The heart has been ripped from the chest of Project Runway: Tim Gunn is departing, and so has the fashion competition’s soul. I’m done! No more Project Runway for me! cried the internet when the news broke that Tim and Heidi Klum would not return.
What’s left of the show has slumped to the ground, but Bravo is convinced that everything is just fine: “The series will continue its iconic impact with Bravo’s reboot for the next generation of designers and fans,” the network said in a statement. “We are excited to announce our new host and mentor very soon.”
What is there to be excited about? Project Runway without Tim Gunn is Project Runway All Stars, and no one wants that. Swapping out the other judges and keeping Tim Gunn as the nucleus around which everything swirls, like on Project Runway Junior, works. But this is too much of a loss.
Or is it? Maybe Project Runway is a strong enough format to survive a drastic transplant. After all, The Great British Bake-Off survived being desiccated when it lost its beloved judge, Mary Berry, and pun-factory hosts Sue Perkins and Mel Giedroyc.
When they announced their exit two years ago, I wrote that The Great British Baking Show’s production company and new network were “delusional” to insist “the show [viewers] love will remain wholly familiar.” The house had burned down, I declared, and even if the frame is still up, it’s still destroyed. Time to dump it in the bin.
But the house was still standing, and not damaged at all. Season eight, which just premiered for U.S. viewers on Netflix, is still fundamentally the same show, and it’s just as entertaining, perhaps an A- instead of an A+.
Bake-Off offers a fascinating example of how resilient formats can be. In the U.S., we’ve now had four different versions of The Great British Bake-Off: a CBS adaptation that aired in 2013; the original BBC version, which PBS started airing in 2015; an ABC adaptation that started as The Great Holiday Baking Show and became The Great American Baking Show; and now the Channel 4 version on Netflix.
Of those, only the CBS incarnation didn’t work, with Jeff Foxworthy’s hosting and CBS’s insecurity turning a competition for a trophy plate into a more dramatic (cymbal-crash!) game for $250,000.
ABC’s Baking Show retained the U.K. magic because it kept Mary Berry and even the U.K. location. But then she left, and Paul Hollywood took her place for season three, and it still felt warm and familiar. All the while, the GBBO format was there, like a sturdy tent in the English countryside, keeping things contained.
Does a show just need to keep one or more consistent cast members in order to not fall apart? Housewives come and go on the Real Housewives franchise, but it’s never a complete changeover, so there’s discomfort wrapped in the familiar blanket of rich people sniping at each other. Once a format becomes familiar or beloved to viewers, it’s much less unsettling for there to be cast changes.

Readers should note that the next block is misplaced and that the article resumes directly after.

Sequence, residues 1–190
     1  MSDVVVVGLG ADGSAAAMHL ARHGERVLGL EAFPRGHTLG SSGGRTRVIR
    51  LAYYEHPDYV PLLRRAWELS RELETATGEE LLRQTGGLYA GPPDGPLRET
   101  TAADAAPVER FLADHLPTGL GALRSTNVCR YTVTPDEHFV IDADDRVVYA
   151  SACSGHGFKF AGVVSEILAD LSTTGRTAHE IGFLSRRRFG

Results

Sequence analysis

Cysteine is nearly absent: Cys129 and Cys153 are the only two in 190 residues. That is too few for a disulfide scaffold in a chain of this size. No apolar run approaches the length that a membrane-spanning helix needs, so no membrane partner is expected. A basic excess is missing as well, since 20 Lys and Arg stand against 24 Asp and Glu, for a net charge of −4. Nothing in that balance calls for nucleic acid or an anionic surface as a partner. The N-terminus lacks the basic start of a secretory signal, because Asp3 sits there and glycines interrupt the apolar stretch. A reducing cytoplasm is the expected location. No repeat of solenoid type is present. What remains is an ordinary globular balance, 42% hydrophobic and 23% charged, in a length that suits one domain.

Yet doing that didn’t work for CBS’s Baking Competition, which had Paul Hollywood as one of its judges, because CBS also Americanized GBBO’s format instead of embracing the original.
If the competition doesn’t waver from its original design, and keeps at least one well-known person, is that enough consistency? If Nina Garcia stays with Project Runway, is that enough? Runway has strong, beloved personalities, but it’s certainly distinct from reality shows that are synonymous with a person.
America’s Next Top Model didn’t work without Tyra Banks as its host, head judge, and divine presence worshipped by the young model contestants, so she returned after just one season away. Idol started to fall apart before Simon Cowell left, but his exit collapsed the Jenga tower. Donald Trump’s Apprentice is the only one that worked, creatively and in the ratings — though even the force of his personality, with a big assist from the editors shaping his television persona, wasn’t enough to keep its ratings from deteriorating rapidly.
Formats driven by a single person are rare, though. And a name or talent isn’t enough to bring viewers to a show. Hollywood was obsessed for years with attaching celebrities to reality TV shows, even though the evidence was clear that this didn’t have any effect on ratings. John Cena was an excellent host on his well-produced Fox competition series American Grit, yet its ratings stayed around 2 million viewers, compared to the 8 million who followed Cena on Twitter back then.
What works best are sturdy formats that can also flex. If the show isn’t molded to one person’s personality and style, a host can settle in comfortably, but also be replaced by someone who can find another comfy spot.
The Real World, the first modern reality show and the template for all that followed, died several years ago when, after suffering from MTV’s neglect, it underwent several seasons of invasive surgery that tried to transform it into a violence-saturated show like The Challenge.
But in its influential early years, The Real World established that a solid structure provided consistency enough. Every season brought a new cast, a new city, a new loft, new Ikea furniture. All that remained was the format, and those words: “seven strangers, picked to live in a house and have their lives taped — to find out what happens when people stop being polite and start getting real.”
Providing a space for people — hosts, judges, contestants, cast members — to be real: that’s enough.